How to Change Your Sole Proprietorship to LLC?
So, you’ve finally realized that it’s time to turn your side hobby into a legal business entity
Well, there can be several reasons for you to formalize your business by converting into an LLC. After all, a Sole Proprietorship is not a business entity. It is just you operating your business yourself
But guess what, technically there is no way of converting a Sole Proprietorship into an LLC.
Does that mean someone operating as a Sole Proprietorship cannot change it to an LLC?
Well, the only solution is first to stop using your Sole Proprietorship and then form an entirely new LLC. In other words, changing your Sole Proprietorship into an LLC is almost similar to starting an entirely new business.
Fortunately, the whole process is not as complex or expensive as you’d imagine. On top of it, the way you operate your business won’t quite change much. As an LLC, you’ll also have a layer of protection for your personal assets.
Unlike Sole Proprietorship where the business owner and the business are a single entity, LLC puts the much-needed separation between the two. Even when it comes to taxation, you’ll have increased flexibility as an LLC. The conversion can also help change your business perception, encouraging you to grow it further.
So, let us now have a detailed look at what you need to do to change your Sole Proprietorship to an LLC.
Start with the Business Name
Irrespective of whether you’ve been running your Sole Proprietorship under your name or DBA/Fictitious Name, you’ll need a new name for your LLC. This is because it is very much possible that the name under which you’re running your Sole Proprietorship might already be registered as an LLC in your state.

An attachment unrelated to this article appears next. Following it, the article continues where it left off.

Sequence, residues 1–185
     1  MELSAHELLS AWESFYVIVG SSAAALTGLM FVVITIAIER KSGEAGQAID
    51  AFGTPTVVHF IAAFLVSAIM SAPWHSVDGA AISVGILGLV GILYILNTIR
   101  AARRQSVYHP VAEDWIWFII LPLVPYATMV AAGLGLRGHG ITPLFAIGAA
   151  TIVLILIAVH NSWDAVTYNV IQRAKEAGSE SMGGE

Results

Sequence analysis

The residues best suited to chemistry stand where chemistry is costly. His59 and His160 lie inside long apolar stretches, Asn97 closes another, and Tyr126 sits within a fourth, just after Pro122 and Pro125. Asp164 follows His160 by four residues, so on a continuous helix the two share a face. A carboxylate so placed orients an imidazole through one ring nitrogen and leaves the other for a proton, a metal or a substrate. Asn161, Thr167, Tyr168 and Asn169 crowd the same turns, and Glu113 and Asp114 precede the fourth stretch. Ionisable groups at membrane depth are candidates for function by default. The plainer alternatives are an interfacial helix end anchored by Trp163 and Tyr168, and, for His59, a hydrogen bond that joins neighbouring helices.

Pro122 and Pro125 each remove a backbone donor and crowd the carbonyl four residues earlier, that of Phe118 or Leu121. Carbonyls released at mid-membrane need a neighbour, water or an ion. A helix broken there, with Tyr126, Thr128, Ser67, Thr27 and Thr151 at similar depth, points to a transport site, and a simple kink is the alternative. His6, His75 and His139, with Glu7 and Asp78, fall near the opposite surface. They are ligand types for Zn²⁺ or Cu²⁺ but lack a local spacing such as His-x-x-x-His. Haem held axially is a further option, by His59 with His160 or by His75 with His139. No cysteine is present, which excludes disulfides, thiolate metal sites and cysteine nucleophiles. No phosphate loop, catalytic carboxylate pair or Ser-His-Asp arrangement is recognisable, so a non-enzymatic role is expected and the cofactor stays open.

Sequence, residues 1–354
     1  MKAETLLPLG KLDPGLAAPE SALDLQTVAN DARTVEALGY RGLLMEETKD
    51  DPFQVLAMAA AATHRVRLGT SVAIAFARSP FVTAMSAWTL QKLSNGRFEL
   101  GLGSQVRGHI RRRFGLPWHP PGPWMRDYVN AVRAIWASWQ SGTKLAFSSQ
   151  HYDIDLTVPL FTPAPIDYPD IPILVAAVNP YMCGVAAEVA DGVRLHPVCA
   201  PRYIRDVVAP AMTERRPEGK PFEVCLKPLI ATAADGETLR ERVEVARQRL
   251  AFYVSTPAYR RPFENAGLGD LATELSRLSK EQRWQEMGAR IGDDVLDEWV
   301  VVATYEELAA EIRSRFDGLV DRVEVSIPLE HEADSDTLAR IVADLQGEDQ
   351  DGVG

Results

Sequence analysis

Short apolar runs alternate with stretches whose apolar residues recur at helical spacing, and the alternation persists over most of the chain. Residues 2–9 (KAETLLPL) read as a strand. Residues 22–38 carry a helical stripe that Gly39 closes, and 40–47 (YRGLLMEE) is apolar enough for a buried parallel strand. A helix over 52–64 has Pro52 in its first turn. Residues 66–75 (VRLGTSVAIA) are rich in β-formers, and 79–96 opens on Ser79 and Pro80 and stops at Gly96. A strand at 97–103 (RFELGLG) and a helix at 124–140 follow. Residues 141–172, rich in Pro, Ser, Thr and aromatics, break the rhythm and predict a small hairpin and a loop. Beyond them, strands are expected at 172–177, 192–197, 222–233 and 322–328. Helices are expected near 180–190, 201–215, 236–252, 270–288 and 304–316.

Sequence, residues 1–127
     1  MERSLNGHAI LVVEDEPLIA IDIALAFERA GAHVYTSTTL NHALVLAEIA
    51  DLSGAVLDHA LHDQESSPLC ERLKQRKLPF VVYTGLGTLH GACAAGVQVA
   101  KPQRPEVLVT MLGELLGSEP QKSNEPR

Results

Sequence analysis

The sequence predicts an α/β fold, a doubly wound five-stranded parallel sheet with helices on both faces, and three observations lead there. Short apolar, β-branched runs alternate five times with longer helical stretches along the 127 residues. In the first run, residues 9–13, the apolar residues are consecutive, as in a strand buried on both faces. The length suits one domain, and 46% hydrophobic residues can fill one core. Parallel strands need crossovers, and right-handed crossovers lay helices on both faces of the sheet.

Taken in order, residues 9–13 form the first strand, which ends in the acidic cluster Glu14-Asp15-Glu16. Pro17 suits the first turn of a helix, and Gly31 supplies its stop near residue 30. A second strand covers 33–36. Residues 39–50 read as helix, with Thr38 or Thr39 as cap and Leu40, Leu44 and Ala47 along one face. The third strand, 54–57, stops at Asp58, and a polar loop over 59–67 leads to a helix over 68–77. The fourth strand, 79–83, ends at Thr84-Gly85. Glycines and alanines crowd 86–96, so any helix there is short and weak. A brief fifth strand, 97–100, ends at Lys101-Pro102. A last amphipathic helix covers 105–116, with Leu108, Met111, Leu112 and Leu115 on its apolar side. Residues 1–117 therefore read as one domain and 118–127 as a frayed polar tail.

The best way to check for business name availability is to refer our 50-State Business Entity search guide.
Alternatively, get in touch with the state secretary’s office to know whether or not the name you have for your LLC is already registered. Most of the states now have online databases of registered names. After finalizing a name that is not used by any other business in your state, make sure that the name does not infringe anyone’s trademark.
Check the patent and trademark office’s database online to search for trademarks with the same name. Your new business should have “Limited Liability Company” in the name. There are also abbreviations like “Liability Co”, “Ltd”, and “LLC” that you can use. You can also consult a legal professional to finalize the name.
In most states, you’re not required to reserve your LLC name beforehand. The registration is done automatically when the paperwork for forming LLC is filed. However, the rules differ in a few states.
Filing Articles of Organization
The articles of organization are the documents that outline the initial statements needed to form an LLC. You have to fill out the forms and submit the same to the filing office of your state. The requirements for filing vary between states.
It is just a simple document which outlines the basic details of your business, like the name of the LLC, name of the owner/s, address, etc. There is a fee for submitting this document.